Now, let’s swap our Instance back to its original size, and swap our gp3 volume for a Provisioned IOPS io2 volume with 45,000 IOPS, and re-run our script to update the dashboard. Running an IOPS intensive task on the volume results in the following:
As you can see, despite having 45,000 IOPS configured, it seems to be capping at about 15,000 IOPS. Looking at the instance level statistics, we can see the answer:
Much like with our throughput testing earlier, we can see that our io2 volume performance is being restricted by the Instance size. Let’s increase the size of our Instance again, and see how the volume performs when the Instance has been correctly sized to support it:
We are now reaching the configured limits of our io2 volume, which is exactly what we wanted and expected to see. The instance level IOPS limit is no longer restricting the performance of the io2 volume:
Using the preceding steps, we can identify where storage bottlenecks are, and we can identify if we are using the right type of EBS volume for the workload. In our examples, we sought bottlenecks and scaled upwards to resolve them. This process should be used to identify where resources have been over-provisioned and under-provisioned.
If we see a volume that never reaches the maximums that it has been configured for, and that is not subject to any other bottlenecks, we usually conclude that the volume in question can be right-sized to a more appropriate volume that costs less, and better fits the workload.
We can, for example, change an Amazon EBS gp2 volume to an EBS gp3 volume with the correct IOPS and throughput. EBS gp3 provides up to 1000-MBps throughput per volume and costs $0.08/GB (versus $0.10/GB for gp2). Additionally, unlike with gp2, gp3 volumes allow you to specify provisioned IOPS independently of size and throughput. By using the process described above, we could identify that a gp2, io1, or io2 volume could be swapped out with a more cost-effective gp3 volume.
If during our analysis we observe an SSD-based volume with relatively high throughput usage, but low IOPS usage, we should investigate further. A lower-cost HDD-based volume, such as an st1 or sc1 volume, might be more cost-effective while maintaining the required level of performance. Amazon EBS st1 volumes provide up to 500 MBps throughput and cost $0.045 per GB-month, and are often an ideal volume-type to use for SQL backups, for example.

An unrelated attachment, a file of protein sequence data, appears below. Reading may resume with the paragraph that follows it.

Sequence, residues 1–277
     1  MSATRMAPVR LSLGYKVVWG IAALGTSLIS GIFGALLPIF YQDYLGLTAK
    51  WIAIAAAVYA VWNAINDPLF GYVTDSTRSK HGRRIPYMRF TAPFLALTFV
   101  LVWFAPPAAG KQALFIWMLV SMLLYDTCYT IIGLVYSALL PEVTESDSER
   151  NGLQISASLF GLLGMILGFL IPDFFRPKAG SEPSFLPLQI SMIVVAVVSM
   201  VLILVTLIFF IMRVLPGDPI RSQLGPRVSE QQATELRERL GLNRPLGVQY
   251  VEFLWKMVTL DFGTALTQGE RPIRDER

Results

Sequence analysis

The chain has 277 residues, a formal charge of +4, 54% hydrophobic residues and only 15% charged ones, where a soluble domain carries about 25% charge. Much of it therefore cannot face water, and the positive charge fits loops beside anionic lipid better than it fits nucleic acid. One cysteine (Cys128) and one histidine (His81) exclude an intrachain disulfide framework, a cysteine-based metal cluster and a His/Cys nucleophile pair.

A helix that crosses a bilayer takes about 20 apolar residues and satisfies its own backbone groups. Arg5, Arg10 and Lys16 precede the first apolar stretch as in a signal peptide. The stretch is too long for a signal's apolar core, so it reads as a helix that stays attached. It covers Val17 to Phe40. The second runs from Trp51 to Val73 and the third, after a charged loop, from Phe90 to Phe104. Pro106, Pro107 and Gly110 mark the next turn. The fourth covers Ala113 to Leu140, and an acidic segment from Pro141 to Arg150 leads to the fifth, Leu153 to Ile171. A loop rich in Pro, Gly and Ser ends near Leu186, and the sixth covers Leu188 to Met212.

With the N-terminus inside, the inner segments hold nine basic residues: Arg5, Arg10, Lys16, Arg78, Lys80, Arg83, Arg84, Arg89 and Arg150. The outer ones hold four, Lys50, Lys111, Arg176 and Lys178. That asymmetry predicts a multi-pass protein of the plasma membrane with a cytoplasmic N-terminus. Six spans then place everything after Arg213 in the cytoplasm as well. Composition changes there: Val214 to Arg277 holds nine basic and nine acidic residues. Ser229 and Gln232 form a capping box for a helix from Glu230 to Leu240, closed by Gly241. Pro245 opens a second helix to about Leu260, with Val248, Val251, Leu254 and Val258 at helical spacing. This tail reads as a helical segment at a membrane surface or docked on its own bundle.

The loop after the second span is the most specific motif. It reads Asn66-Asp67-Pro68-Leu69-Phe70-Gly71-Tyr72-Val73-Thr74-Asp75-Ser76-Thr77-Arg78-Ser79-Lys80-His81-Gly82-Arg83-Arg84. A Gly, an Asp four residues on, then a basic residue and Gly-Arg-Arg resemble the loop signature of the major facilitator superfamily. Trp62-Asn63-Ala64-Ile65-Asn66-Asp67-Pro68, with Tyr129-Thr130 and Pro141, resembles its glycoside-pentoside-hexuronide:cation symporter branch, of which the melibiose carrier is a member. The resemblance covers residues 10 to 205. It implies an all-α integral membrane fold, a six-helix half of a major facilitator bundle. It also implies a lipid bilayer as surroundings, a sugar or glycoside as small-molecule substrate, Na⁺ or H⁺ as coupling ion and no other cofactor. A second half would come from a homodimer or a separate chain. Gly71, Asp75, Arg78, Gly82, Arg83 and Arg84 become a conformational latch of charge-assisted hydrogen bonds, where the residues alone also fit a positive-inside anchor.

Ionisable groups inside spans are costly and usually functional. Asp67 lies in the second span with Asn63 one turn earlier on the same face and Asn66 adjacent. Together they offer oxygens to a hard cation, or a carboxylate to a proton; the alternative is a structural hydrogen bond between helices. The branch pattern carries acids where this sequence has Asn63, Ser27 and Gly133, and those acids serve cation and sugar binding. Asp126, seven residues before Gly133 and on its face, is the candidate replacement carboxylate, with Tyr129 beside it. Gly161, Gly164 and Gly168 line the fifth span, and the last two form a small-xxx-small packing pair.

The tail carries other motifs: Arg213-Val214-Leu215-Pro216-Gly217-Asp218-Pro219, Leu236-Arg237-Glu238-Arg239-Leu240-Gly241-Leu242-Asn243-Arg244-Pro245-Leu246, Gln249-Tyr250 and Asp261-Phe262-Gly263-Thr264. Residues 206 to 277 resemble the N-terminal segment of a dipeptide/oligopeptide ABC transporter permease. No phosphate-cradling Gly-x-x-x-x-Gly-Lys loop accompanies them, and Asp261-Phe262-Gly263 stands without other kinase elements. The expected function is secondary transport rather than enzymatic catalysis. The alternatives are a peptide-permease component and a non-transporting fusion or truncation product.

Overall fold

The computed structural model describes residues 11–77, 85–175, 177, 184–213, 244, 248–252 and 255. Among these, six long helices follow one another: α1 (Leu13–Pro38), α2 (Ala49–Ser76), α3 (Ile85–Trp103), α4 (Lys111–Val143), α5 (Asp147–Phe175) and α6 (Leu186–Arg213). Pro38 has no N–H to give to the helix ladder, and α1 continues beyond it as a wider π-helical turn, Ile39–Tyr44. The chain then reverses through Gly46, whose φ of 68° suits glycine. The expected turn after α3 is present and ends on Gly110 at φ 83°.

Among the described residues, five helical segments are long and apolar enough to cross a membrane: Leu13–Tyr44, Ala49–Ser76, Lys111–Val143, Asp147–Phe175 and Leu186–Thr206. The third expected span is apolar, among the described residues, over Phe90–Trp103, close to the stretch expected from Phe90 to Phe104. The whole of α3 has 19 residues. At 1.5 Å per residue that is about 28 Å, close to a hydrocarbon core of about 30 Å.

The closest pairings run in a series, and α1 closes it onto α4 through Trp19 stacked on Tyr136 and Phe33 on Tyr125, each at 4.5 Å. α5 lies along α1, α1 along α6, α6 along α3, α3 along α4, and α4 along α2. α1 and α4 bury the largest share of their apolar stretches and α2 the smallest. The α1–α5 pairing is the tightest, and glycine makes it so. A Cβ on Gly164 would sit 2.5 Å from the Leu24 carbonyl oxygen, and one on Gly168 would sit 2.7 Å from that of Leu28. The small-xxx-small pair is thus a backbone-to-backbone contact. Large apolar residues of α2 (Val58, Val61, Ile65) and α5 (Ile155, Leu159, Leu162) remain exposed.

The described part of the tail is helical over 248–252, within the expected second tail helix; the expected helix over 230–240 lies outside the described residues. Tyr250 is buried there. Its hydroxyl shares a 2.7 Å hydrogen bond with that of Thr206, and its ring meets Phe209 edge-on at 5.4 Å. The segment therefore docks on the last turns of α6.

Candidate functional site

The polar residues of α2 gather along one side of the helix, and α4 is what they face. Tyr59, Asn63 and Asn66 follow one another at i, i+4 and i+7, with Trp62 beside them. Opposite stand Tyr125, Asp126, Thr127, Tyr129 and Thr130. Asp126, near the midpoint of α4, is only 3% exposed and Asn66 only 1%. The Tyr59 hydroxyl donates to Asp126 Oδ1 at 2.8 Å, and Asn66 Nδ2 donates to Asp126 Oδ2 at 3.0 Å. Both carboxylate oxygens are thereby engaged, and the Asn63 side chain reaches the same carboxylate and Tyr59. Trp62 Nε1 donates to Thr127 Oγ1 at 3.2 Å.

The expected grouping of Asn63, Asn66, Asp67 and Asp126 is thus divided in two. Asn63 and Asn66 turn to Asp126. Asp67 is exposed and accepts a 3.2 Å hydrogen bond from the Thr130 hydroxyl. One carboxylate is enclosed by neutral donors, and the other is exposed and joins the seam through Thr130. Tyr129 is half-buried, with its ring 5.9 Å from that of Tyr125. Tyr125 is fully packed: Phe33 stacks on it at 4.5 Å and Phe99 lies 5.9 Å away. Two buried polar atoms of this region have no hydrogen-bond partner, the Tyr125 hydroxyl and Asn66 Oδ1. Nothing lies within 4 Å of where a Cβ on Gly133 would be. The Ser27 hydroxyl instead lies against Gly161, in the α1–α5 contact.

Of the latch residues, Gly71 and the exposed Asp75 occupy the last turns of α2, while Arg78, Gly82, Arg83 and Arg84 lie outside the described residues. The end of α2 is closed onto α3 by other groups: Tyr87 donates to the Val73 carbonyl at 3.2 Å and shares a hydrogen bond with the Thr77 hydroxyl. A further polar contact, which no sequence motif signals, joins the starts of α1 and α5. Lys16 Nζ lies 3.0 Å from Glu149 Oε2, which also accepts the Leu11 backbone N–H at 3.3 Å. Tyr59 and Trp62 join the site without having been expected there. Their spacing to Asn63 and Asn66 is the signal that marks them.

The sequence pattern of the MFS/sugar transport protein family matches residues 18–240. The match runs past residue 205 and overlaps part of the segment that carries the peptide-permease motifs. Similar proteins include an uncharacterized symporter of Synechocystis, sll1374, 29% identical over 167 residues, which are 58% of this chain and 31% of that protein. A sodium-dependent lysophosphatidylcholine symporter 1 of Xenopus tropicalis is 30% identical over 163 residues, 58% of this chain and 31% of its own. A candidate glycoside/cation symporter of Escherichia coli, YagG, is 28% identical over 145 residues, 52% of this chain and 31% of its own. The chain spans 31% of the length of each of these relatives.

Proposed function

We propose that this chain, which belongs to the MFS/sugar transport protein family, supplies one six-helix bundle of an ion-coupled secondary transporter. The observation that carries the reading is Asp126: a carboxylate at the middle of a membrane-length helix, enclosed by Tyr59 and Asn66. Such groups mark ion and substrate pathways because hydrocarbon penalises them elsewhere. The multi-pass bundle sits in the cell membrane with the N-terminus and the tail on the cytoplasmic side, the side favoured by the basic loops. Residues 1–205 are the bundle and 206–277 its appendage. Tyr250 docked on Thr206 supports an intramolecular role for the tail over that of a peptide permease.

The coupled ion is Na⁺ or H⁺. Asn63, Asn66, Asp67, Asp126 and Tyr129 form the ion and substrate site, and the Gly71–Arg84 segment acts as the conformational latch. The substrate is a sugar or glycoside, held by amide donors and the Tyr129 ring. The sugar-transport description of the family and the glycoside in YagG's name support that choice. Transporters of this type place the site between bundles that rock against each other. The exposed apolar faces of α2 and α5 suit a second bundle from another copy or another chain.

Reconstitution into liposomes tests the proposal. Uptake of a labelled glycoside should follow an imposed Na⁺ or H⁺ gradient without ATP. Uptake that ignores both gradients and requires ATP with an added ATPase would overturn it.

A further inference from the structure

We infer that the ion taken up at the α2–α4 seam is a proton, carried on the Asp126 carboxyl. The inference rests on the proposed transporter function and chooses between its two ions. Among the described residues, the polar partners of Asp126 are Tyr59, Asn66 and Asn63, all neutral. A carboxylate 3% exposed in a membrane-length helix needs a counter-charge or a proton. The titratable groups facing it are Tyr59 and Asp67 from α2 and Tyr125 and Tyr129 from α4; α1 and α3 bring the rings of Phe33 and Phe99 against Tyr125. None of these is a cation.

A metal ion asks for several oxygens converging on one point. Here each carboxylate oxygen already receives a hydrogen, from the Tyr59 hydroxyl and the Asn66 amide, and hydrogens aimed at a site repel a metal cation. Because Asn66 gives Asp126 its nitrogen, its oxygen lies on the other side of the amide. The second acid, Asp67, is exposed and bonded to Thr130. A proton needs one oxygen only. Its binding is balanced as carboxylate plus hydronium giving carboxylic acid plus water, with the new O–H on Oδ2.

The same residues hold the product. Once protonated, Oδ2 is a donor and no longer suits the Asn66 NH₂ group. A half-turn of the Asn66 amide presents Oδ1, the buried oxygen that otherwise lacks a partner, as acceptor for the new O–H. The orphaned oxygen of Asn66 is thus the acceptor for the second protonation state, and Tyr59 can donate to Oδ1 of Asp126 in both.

Additional storage optimization you can implement
Move the TempDB to Instance Store NVMe storage – The data on an SSD instance store volume persists only for the life of its associated instance. This is perfect for TempDB storage, as when the instance stops and starts, SQL Server saves the data to an EBS volume. Placing the TempDB on the local instance store frees the associated Amazon EBS throughput while providing better performance as it is locally attached to the instance.
Consider Amazon FSx for Windows File Server as a shared storage solution – As described here, Amazon FSx can be used to store a SQL database on a shared location, enabling the use of a SQL Server Failover Cluster Instance.
The Compute Layer
After you finish optimizing your storage layer, wait a few days and re-examine the metrics for both Amazon EBS and networking. Use these metrics in conjunction with CPU metrics and Memory metrics to select the right Instance type to meet your workload requirements.
AWS offers nearly 400 instance types in different sizes. From a SQL perspective, it’s essential to choose instances with high single-thread performance, such as the z1d instance, due to SQL’s license-per-core model. z1d instances also provide instance store storage for the TempDB.
You might also want to check out the AWS Compute Optimizer, which helps you by automatically recommending instance types by using machine learning to analyze historical utilization metrics. More details can be found here.
We strongly advise you to thoroughly test your applications after making any configuration changes.
This blog post covers some simple and useful techniques to gain visibility into important instance metrics, and provides a script that greatly simplifies the process. Any workload running on EC2 can benefit from these techniques. We have found them especially effective at identifying actionable optimizations for SQL Servers, where small changes can have beneficial cost, licensing and performance implications.